I was honored to write guest blog post for The Presbyterian Outlook, a national Presbyterian magazine. Click through to read the entire post!
"We’re learning all kinds of things on the #walk2divest:
It takes us two hours to walk five miles, with a snack break in the middle.
Ten miles in a day is an easy goal; to finish 15 or more we have to push our pace a little.
As a group, we like flavored potato chips better than plain.
We learn that Casey often breaks out in dance, Ashley often breaks out in song and three people have broken out in poison ivy.
We learn how to identify poison ivy."
“Goose Creek. Pass it back.”
Rick turned to face forward again and we passed the words back along the line of walkers. Goose Creek. Goose Creek. Goose Creek. I looked down at the muddy water running under our feet as we walked where the road crossed – apparently – Goose Creek. That’s what that bit of water is called, here in occupied Haudenosauneega Confederacy, Miami, Osage, and Shawnee land, in the state of Indiana, in the Ohio River watershed.
Every night in worship we name aloud the people groups who lived here for years before “civilization” arrived with violence, striving to honor them as we face the complicity of Christianity (particularly U.S. Christianity) in the colonization of this land and genocide of its people. In our pursuit of justice, we have to acknowledge how badly we’ve gotten it wrong – the confession of sins en route to the promised assurance of pardon.
In this same confessional ritual we also name the watershed through which we walk. For most of this 150 mile trek, it will be the Ohio River Basin. Walkers leading worship urge us to note the rivers, streams, and rivulets we cross, and to reflect on the precious nature of this water that sustains us.
This is the land flowing with water and sweat. Everything is green, except the grey-brown water and the blacktop road. Coming from Tucson, my eyes still haven’t adjusted. The color is shocking. The ease of just looking down at water underfoot is shocking, too, so far removed from the experience of crossing the dry bed of the Santa Cruz River on my bike. I want to fill my pockets with water, siphon Goose Creek into my backpack, twine honeysuckle vines around my arms and carry all this life back to the desert with me.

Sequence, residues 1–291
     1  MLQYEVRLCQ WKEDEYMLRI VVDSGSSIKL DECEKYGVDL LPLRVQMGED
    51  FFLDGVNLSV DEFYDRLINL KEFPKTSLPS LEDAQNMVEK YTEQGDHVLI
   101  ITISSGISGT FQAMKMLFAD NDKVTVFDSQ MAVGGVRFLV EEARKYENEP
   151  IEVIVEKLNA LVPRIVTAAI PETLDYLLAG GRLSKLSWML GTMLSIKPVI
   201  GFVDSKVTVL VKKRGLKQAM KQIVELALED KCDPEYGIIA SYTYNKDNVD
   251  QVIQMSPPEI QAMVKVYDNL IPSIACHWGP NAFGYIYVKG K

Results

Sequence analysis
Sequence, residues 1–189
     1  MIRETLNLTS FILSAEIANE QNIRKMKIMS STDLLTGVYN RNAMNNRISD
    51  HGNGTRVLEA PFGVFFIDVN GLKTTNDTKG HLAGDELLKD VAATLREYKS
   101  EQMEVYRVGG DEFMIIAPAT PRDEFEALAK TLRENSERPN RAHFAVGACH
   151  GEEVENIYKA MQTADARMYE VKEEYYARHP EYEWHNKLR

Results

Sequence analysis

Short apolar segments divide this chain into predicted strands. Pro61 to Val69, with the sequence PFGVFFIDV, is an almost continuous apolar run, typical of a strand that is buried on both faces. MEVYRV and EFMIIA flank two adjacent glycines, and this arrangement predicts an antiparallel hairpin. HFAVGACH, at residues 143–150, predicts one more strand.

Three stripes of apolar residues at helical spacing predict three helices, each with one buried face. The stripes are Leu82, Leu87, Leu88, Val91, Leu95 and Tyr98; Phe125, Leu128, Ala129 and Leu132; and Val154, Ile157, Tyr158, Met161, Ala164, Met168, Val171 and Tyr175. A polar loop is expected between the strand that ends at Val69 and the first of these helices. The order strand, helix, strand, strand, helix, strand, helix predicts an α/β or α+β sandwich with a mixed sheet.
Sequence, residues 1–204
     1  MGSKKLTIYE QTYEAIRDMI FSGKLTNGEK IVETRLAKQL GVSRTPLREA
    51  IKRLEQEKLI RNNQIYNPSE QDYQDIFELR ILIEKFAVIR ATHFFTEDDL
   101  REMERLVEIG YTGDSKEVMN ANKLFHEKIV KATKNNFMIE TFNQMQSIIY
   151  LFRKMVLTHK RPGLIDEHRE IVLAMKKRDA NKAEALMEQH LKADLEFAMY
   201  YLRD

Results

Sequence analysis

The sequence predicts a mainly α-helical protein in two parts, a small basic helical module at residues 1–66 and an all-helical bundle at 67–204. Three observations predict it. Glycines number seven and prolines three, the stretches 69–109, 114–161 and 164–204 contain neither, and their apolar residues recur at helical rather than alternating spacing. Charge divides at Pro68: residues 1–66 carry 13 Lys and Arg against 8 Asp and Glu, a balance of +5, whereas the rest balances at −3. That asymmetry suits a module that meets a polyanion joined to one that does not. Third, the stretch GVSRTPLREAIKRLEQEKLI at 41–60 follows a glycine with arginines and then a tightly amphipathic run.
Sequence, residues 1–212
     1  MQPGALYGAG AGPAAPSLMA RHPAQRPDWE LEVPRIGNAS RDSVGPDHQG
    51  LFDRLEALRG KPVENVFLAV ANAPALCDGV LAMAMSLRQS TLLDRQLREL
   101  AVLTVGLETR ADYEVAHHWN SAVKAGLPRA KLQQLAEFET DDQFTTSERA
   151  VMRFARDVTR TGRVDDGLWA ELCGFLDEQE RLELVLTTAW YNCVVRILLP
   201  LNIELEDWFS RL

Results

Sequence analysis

In our teach-in tonight, New Jersey State Climatologist Dr. David Robinson gives us a layperson’s intro to the climate system and climate science. He shows us maps of the U.S. with projected climate and precipitation change into 2070, and my eyes go straight to the Southwest: there’s Arizona, headed for even hotter and drier days.
We're walking with hope of a pardon, some kind of reprieve, something world-changing. And/and yet, the truth is that climate change is here. Not coming, come. “We’re not gonna mitigate ourselves out of this,” Dr. Robinson says, “—the train has left the station. We’re gonna have to learn how to adapt.”
I don’t know what that means for my life personally, or even for our populated world over the next decades and centuries. I hope I’ll learn more about that in the coming days, as we continue to walk and to listen. I’m pretty sure, though, that draining other rivers (like we have the Santa Cruz) to water our desert golf courses and cotton fields is not the way to go. The water will have to stay in Goose Creek, and at home we’ll have to continue to learn to function in the desert as it is – and as it changes.
21 miles down, is 151 to go.
Author, Alison Wood
queer, white, cisgender, U.S. passport-holding, Presbyterian, church-employed, challenged by faith, working to take apart the cultures of domination that make me and that I make
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